The goal of the task force will be to ensure that the remains of the people discovered on the school district’s property are memorialized with the utmost dignity and in a manner that honors their historical significance. The task force will also provide a recommendation for future educational efforts to preserve a dark chapter of the region’s history.
The creation of the task force was recommended by the Texas Historical Commission and emulates a successful strategy implemented by the city of Waco after an unmarked historical cemetery was discovered during a construction project in the west Texas town. The Texas Historical Commission has requested the task force make a decision on DNA testing of the remains, officials said. The task force will meet for six months with meetings held on the first and third Wednesday of each month for the first two months and then one Wednesday a month thereafter. The first meeting was held on September 5th at Sugar Land City Hall.
The organizations invited to participate as a part of the task force include: Reginald Moore, of the Texas Slave Descendants Society (a group now called the Convict Leasing and Labor Project); City of Sugar Land; Fort Bend Independent School District; the Sugar Land Heritage Foundation; the Fort Bend Historical Commission; the Texas Historical Commission; the National Association for the Advancement of Colored People; the Houston Area Urban League; the Fort Bend Church; the Texas Department of Criminal Justice; Embassy Church; Rice University Professor Caleb McDaniel; Slavery by Another Name author Douglas Blackmon; and members of the Sugar Land community. Sugar Land officials are also working on a detailed agreement with Fort Bend ISD for the future relocation of the bodies to the city’s Old Imperial Prison Farm Cemetery, located at 6440 Easton Ave.
The city will fund costs associated with layout, design and location, as well as maintenance of the city’s cemetery. While a funding source has not yet been identified, the city will also work with community groups to explore funding opportunities for future park development that will include walking paths, interpretive historical information and parking, surrounding the city-owned Old Imperial Prison Farm Cemetery. The city will continue its coordination with the Sugar Land Heritage Foundation, a group established by the city to preserve and document the community’s rich history – including the Old Imperial Prison Farm Cemetery on the city’s property, according to Sugar Land officials. The Fort Bend Independent School District will be responsible for the continued exhumation on their property; submitting a petition to the court for removal and reburial; funding costs associated with storage, new burial vessels, transportation, interment and security; and procurement and placement of temporary markers for each grave.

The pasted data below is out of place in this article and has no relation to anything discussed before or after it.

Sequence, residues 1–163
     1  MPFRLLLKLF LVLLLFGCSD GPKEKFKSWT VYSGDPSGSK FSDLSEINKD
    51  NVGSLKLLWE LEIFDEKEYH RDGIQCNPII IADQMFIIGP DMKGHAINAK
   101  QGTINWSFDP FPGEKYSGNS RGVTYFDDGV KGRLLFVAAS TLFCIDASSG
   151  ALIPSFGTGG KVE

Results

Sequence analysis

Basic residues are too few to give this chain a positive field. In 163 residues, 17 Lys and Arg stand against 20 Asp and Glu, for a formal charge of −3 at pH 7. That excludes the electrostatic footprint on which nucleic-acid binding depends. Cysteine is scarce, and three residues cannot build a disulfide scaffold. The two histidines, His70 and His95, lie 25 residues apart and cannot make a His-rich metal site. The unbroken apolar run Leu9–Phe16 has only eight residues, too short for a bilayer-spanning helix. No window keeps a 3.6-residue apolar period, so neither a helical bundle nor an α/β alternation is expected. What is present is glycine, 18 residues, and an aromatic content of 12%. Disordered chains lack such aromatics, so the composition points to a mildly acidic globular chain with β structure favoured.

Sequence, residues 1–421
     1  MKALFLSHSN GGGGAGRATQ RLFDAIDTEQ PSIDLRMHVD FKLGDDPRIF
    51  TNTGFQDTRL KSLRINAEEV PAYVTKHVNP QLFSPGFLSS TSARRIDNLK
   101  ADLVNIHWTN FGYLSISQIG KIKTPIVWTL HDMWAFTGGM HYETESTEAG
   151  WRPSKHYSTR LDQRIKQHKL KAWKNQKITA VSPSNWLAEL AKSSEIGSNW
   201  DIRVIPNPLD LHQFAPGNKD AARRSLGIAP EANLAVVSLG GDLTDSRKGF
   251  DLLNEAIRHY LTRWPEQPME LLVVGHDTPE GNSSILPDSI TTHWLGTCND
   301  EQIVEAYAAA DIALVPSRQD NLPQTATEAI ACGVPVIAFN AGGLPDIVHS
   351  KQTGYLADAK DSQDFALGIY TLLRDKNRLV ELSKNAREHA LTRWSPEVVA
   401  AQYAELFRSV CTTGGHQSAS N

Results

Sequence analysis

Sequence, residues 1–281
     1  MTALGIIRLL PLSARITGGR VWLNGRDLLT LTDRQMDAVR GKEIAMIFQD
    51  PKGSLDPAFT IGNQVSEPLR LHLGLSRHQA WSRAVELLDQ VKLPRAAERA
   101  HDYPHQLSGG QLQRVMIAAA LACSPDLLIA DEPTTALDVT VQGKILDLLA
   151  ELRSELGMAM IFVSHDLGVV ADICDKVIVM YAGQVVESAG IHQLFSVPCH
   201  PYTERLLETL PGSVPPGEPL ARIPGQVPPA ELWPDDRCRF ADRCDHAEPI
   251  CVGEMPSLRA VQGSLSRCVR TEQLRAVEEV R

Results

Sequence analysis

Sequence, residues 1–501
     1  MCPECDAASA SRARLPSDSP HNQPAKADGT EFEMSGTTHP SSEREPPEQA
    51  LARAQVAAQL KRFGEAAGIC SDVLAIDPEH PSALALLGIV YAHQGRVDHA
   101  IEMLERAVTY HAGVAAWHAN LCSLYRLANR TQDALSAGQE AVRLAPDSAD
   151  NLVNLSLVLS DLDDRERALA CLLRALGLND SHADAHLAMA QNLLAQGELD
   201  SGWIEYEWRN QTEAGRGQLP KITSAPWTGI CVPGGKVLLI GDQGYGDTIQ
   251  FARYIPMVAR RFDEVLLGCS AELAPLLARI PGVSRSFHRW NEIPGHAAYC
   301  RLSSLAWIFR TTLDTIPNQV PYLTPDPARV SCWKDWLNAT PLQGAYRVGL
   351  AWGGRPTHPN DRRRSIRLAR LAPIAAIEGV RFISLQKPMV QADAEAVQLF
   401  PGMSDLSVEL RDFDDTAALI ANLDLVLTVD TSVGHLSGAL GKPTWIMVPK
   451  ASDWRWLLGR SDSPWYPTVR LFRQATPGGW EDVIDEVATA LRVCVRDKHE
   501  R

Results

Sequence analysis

Slavery and forced labor have been a major part of the foundation of the United States since its inception, but when that system was interrupted as a result of President Abraham Lincoln’s issuance of the Emancipation Proclamation in 1863, it hit Southern White slave owners and plantation owners extremely hard in their pocket books.
The impact of this one legislative action was extremely significant for Southern White slave and plantation owners who immediately found themselves having to continue their business operations without the ability to forcefully and legally use the labor of Black slaves.
Because they could no longer rely on legalized slavery to force Black slaves to help them continue building their flourishing business enterprises, those same Southern White slave and plantation owners worked with their state governments to come up with creative new ways to use the law to their advantage.
In 1865, the Thirteenth Amendment to the U.S. Constitution was ratified and included verbiage that attempted to officially abolish slavery in the U.S., stating: “Neither slavery nor involuntary servitude, except as a punishment for crime whereof the party shall have been duly convicted, shall exist within the United States, or any place subject to their jurisdiction.”
Former slave and plantation owners, as well as politicians from Southern states soon realized that the protections from legalized slavery in the Thirteenth Amendment did not apply to Blacks who had been convicted of crimes and sentenced to prison. As a result, they collaborated together and developed legal systems within the state whereby an individual, typically a Black male, would be convicted of minor crimes, such as vagrancy or walking alongside railroad tracks, and then given felonies and sentenced to forced labor. Those convicted individuals would then be leased out from the state government to Southern White business owners, and forced to provide labor, in the same way that Southern White slave and plantation owners enjoyed during the days of slavery. This practice, known as ‘convict leasing’, became a burgeoning business model that caused demand to exceed supply and allowed Southern states and Southern White business owners to economically prosper.
Because Texas was the last state in the U.S. to officially end slavery after the Emancipation Proclamation was issued, they were the first to adopt this model of a convict-leasing system.
Over a four year period, up to a thousand Texas convicts were leased to private contractors to quarry granite for the Texas state capital building in Austin. Time will tell if there are more bodies to be unearthed and discovered, with stories that need to be told.